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ISSUE 15  August 15, 2002



Many fields in the region are in the R5 to R6 growth stages. The risk of yield loss to soybean aphid should be passed based on field research from last year. Several people from around the region have reported some rapid increase of aphid numbers in isolated fields. However, the fields are in these advanced growth stages and losses are not expected.

Winged aphids and nymphs with wing buds are present. The proportion of the population that is or will be winged was between 25 to 50% in some fields this week. We would expect these numbers to continue to increase.

Predator insects are abundant wherever aphids are found. It has been very easy to find the multicolored Asian lady beetle, Harmonia axyridis, during the past week. This lady beetle larva is "alligator-shaped" and black with two yellow stripes along the sides. Lady beetle larvae move rapidly over leaves and branches, eating aphids and other soft-bodied insects. Their eggs are yellow, oval shaped, and laid in clusters of about 20, usually on the undersides of leaves.

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Larva of the multi-colored Asian lady beetle



Aphid Situation in Week Ending August 9 the following is from Dr. Ted Radcliffe, Entomologist, U of Minnesota, and is available on the internet at:


Flight activity of aphid vectors of potato viruses remained high during the week ending 9 August. Although bird cherry-oat aphid, Rhopalosiphum padi captures declined this week by 24%, turnip aphid, Lipaphis erysimi, flight activity remained strong. Turnip aphid flight activity increased 1.5-fold compared to the previous week and comprised 67% of the total aphid capture. Current season spread of PVY has been reported on some potato fields. Plants with current season infection will serve as secondary inoculum sources that can further increase inoculum pressure for the region. Consequently, the risk of PVY transmission remains high for the Red River Valley.

Flight activity of green peach aphid, Myzus persicae, also increased 11% this week to 0.38 aphids per trap. It is important to note that the capture of 1 aphid per trap in a week corresponds to approximately 1 aphid per plant per day. Therefore, intensive scouting of seed potato fields for green peach aphids is extremely important and initiate treatment immediately when the threshold of 3 green peach aphids per 100 leaves has been reached.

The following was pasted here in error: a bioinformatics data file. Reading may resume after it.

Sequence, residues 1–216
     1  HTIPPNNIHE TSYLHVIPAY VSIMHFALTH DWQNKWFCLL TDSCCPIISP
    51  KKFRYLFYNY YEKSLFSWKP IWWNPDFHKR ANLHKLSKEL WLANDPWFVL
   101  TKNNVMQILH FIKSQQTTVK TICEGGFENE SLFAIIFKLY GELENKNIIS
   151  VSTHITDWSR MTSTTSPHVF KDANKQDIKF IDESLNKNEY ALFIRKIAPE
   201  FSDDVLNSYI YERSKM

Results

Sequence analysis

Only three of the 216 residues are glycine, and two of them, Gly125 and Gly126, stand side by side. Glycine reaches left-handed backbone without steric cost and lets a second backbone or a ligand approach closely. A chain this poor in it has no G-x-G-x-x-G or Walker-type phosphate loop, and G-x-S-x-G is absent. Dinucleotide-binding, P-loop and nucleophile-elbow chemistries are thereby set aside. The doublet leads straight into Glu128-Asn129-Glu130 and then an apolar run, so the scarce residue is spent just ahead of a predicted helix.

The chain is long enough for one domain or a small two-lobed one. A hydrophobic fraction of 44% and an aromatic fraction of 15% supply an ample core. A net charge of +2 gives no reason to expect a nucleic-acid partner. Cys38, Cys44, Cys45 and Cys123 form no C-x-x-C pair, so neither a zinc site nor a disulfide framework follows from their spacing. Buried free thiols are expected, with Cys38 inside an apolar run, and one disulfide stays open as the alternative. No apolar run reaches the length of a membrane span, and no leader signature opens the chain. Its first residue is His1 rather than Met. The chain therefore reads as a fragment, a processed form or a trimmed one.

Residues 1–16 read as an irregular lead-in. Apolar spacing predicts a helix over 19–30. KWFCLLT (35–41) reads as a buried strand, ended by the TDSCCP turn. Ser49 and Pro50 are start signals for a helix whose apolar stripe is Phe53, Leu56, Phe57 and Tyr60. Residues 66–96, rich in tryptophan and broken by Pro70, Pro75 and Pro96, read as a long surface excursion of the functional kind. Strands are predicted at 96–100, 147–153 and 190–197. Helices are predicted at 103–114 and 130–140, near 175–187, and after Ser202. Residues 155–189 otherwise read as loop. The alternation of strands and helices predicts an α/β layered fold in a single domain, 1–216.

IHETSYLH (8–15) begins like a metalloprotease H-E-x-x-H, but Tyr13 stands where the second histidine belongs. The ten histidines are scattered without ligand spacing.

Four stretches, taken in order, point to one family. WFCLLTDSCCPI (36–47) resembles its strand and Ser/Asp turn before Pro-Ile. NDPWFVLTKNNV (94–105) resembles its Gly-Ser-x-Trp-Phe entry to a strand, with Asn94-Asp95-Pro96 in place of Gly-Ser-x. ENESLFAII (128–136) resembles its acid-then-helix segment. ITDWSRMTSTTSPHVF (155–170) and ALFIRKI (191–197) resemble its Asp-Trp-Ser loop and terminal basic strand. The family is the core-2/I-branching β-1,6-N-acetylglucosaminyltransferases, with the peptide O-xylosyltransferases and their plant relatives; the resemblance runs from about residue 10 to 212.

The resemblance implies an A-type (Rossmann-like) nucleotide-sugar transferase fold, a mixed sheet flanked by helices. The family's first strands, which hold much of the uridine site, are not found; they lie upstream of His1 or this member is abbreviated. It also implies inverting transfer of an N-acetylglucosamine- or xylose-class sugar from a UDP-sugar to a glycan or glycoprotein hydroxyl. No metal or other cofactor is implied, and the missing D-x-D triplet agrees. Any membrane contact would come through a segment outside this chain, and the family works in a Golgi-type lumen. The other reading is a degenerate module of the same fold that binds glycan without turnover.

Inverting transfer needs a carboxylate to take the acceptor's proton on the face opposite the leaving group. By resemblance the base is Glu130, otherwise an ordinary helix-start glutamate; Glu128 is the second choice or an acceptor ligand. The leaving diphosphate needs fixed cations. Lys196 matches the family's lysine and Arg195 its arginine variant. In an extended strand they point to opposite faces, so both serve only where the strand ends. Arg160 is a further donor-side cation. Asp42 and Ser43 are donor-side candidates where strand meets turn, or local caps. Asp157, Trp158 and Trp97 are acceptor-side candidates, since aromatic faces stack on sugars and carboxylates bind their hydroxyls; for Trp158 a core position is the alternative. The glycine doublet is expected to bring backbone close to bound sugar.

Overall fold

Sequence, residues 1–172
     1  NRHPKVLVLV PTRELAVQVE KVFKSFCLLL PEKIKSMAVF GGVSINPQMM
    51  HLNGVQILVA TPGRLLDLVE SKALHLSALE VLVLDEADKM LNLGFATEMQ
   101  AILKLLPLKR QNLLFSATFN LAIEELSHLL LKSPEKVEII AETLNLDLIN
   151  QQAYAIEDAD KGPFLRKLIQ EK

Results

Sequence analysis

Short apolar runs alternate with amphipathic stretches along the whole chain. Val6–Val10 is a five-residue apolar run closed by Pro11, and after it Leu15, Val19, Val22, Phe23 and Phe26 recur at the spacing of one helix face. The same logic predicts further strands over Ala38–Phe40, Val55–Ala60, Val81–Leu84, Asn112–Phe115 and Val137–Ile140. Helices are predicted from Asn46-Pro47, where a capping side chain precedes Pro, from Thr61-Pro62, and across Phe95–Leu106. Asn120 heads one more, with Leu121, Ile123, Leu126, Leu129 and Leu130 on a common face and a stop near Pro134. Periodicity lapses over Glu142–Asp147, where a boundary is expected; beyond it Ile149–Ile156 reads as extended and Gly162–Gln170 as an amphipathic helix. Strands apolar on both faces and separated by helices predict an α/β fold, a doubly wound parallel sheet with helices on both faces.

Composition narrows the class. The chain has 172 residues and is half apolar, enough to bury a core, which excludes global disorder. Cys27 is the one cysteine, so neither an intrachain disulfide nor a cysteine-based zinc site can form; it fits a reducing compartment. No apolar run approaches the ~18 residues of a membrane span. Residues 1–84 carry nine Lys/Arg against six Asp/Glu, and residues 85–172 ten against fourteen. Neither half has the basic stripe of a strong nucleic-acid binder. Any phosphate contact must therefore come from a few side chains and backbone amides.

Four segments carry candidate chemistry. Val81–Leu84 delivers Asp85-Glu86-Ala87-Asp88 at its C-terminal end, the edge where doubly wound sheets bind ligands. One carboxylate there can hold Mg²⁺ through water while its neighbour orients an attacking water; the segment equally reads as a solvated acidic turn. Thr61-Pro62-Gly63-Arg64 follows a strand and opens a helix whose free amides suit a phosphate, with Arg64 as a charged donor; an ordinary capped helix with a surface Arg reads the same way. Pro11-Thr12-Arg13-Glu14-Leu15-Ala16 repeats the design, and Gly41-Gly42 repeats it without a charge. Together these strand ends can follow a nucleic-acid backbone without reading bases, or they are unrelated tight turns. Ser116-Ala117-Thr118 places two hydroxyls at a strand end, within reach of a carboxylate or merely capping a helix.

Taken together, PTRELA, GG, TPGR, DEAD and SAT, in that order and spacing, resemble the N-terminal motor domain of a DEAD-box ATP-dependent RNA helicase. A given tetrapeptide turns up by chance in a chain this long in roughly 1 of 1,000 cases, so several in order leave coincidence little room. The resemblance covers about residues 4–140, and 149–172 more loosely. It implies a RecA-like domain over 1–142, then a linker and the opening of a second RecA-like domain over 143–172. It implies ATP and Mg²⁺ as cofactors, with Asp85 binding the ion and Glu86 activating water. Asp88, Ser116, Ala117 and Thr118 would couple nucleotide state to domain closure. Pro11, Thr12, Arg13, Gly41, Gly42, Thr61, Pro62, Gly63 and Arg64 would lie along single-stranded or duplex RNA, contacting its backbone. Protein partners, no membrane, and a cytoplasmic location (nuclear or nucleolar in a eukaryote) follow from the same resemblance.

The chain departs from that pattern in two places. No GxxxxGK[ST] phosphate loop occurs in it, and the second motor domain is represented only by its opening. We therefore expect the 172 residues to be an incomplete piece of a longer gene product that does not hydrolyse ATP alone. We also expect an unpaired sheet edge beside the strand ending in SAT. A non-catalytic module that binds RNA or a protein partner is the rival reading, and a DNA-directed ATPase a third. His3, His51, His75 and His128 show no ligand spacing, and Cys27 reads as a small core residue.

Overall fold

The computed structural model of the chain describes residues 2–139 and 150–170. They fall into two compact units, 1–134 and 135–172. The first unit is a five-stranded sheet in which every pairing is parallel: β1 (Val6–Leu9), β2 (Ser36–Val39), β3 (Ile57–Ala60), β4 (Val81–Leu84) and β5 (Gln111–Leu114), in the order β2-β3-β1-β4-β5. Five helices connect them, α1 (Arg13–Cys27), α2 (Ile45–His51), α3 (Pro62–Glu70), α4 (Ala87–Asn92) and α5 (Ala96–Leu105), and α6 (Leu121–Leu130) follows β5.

The ripening and harvest of small grains are also associated with immigration of aster leafhoppers, Macrosteles quadrilineatus, into potato fields. Aster leafhoppers do not reproduce on potato so only the adult stage is found on potato. There is no evidence for aster leafhoppers causing direct feeding damage and hopperburn on potato but they can be important in transmitting the pathogen (not a virus) of the disease known as purple top or haywire. Purple top is especially important in processing potatoes because it is implicated as a possible cause for darkened chips. Aster leafhopper has the typical wedge-shaped body of leafhoppers but the body of aster leafhoppers is dull green, compared to the bright lime green color of potato leafhoppers, with two rows of three black spots on the top of the head. However, when disturbed, the large numbers of highly mobile aster leafhopper adults can create the illusion of heavy potato leafhopper invasion.

In order to avoid unnecessarily treating aster leafhoppers sample 35 mid-plant leaves in each of the four locations throughout the field to determine if potato leafhopper immatures (nymphs) are present. Potato leafhopper nymphs are wingless, rod-shaped, 1-2 mm in length, with lime green colored bodies. The nymphs run characteristically sideways when disturbed. The threshold density to initiate treatment for controlling potato leafhoppers in potato is one nymph per 10 leaves. Fortunately, most insecticides provide good control of potato leafhoppers but chemistries and rates need to be chosen with caution to avoid flaring aphids. Our results suggest that effective control of potato leafhoppers can be achieved without flaring of aphids with the use of low rates of Asana (1.2 fluid oz/acre) and Dimethoate (4 fluid oz/acre) applied at threshold densities.



Jim Gray, Pesticide Registration Coordinator, ND Department of Agriculture, has provided information on the extension for using Mustang in flax to control grasshoppers.

The crisis exemption issued earlier was for July 30 to August 13. Following the crisis exemption (issued by ND Dept Ag), there was a request made for a specific exemption (Sect 18 Emergency Exemption - EPA) for use of Mustang insecticide in flax. Under these circumstances, the use under the crisis exemption is allowed beyond the original 15-day use window.

The new use period has been extended to September 30. A copy of the revised label is available at:


Phillip Glogoza
Extension Entomologist

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